> > This is indeed a good structure, but this wide interface is a pain to
> > keep stable, and having bootloaders call it directly is a genuinely
> > bad idea. It will lock us into an interface, or cause major breakage,
> > when we have to do necessary revving of this interface.
> Note that this interface is so stable that the structure did not change
> for a long time. If someone wants to change it completely, he will
> have to rewrite tools which are accessing this structure (rdev) and
> also the bootloaders which are setting up fields into it already.
> This will involve re-coding real-mode i8086 assembly, and there is less
> and less people knowing how to do it.
True. However for the moment I am up for making this kind of change.
rdev needs to be recoded anyway as it is not portable. We need a rdev
like tool to attach a command line and a ramdisk to arbitrary linux
> > Instead, the proper time to deal with this is at kernel link time.
> > The PC-BIOS stuff should go in, say arch/i386/pcbios, and you then can
> > have other platforms (say, for example, arch/i386/linuxbios) which has
> > its own setup code. You then link a kernel image which has the
> > appropriate code for the platform you're running on, and you're set.
> I can see your point about keeping functions which set up the structure
> and function which uses it in a single kernel release.
> In fact, all the functions setting this structure are in the same
> file in Gujin, vmlinuz.[ch]. This file could one day go into the Linux
> kernel, but we are no more speaking of compatibility.
> My main problem is the order the things are done: First load compressed
> files at defined addresses, then call a kernel function which callback the
> BIOS, then uncompress files.
How is this a problem. Is it the error handling or something else?
I like the fact that the kernel decompresses itself. This is one less
thing that the bootloader doesn't have to do. And allows the
compression scheme to be changed at least theoretically.
> Once Gujin has started, I have a complete C environment so I can load
> files, treat errors, display messages. I can do this either from cold
> boot or from DOS (think of the first install of Linux on a system).
This definentily sounds nice. Do you envision the setup code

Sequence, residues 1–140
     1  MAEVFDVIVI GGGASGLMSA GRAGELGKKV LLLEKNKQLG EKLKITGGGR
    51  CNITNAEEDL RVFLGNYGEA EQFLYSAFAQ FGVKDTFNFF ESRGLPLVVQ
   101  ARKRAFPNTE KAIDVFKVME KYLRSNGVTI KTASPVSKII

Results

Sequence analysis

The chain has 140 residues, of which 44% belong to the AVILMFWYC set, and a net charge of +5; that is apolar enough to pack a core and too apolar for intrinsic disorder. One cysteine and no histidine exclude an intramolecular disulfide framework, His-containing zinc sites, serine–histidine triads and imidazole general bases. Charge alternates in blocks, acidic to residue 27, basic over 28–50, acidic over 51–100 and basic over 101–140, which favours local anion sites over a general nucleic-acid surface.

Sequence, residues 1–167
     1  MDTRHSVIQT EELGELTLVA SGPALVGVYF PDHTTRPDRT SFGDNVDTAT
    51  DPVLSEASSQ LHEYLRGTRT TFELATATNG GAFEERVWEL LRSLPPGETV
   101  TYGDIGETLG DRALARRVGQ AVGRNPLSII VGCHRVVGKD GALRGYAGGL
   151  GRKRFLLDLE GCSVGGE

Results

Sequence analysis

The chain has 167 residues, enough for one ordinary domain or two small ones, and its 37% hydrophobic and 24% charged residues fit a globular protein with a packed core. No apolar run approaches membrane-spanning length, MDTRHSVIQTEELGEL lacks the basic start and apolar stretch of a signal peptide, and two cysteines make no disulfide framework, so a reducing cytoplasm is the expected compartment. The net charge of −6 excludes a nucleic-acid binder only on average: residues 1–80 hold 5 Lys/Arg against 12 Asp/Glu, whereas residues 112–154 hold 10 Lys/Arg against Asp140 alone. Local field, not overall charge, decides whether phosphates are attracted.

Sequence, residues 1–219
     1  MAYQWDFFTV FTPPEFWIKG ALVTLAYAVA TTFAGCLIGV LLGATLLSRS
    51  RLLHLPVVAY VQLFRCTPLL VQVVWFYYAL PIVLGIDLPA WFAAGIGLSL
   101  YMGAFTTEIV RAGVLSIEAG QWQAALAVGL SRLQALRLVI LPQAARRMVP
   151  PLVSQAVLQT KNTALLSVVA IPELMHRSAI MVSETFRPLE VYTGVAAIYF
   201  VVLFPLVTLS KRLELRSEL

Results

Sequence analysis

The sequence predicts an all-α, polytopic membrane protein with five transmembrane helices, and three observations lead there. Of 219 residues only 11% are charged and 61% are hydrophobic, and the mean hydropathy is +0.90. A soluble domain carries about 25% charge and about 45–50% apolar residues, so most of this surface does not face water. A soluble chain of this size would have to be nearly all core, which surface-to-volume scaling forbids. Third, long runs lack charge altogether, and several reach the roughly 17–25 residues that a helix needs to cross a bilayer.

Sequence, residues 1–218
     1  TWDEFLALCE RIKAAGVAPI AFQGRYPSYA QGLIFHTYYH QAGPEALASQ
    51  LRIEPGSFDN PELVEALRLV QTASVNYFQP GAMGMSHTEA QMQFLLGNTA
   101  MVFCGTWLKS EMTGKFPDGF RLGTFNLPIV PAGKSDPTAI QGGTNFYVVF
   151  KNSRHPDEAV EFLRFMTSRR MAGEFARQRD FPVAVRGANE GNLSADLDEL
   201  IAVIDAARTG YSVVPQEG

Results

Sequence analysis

returning to the bootloader if a fatal error occurs?
> A good solution would be to have the kernel being two (or three) GZIP
> files concatenated, the first would be the real-mode code to setup
> the structure only, the second would be the protected-mode code of the
> kernel (and the third the initrd). The first part would be a position
> independant function getting some parameters (address/max size of the
> structure to fill in) and returning information like microprocessor
> minimum requirement, video mode supported (number of BPP, or text only),
> address the kernel has been linked (to load a kernel at 16 Mb), ...
> Then I would call this setup function before doing invalid things like
> writing in the "DOS=HIGH" area. Note also that Gujin do not keep the
> compressed kernel/initrd files, it reads a block and uncompress it
> immediately because of the 64Kb limit on the data section.
Why does Gujin need to do the decompression? Is this simply for
better error checking, and error handling?
> This interface would still not handle a distribution where there is
> few kernel files:
> And the bootloader should just select automagically the right kernel.
At this port I have linux booting from linux so what I would do is
load /boot/Linux-2.4.8-i386 and then from linux select the right
kernel modify the bootloader parameters, and boot the optimal kernel.
> I have to say that I simply do not have time to do such a thing,
> because I have a lot of other problems in Gujin: it is already
> a Linux-3.0 bootloader, not Linux-2.5 .
> Moreover, going from a simple solution (loading the binary image of
> an ELF file) to a complex one (as described) to solve problem which
> may appear in the future is not my way of thinking: it is already
> complex enought to do simple software.
I believe it can be done much more simply. And I think I can make the
time to get it done, over the long term. I can do with an ELF
binary, not it's binary ala objdump -O binary I can do what you
propose to do with concatenated GZIP files. And with that I don't
need decompression code in the bootloader.
To unsubscribe from this list: send the line "unsubscribe linux-kernel" in
the body of a message to email@example.com
More majordomo info at http://vger.kernel.org/majordomo-info.html
Please read the FAQ at http://www.tux.org/lkml/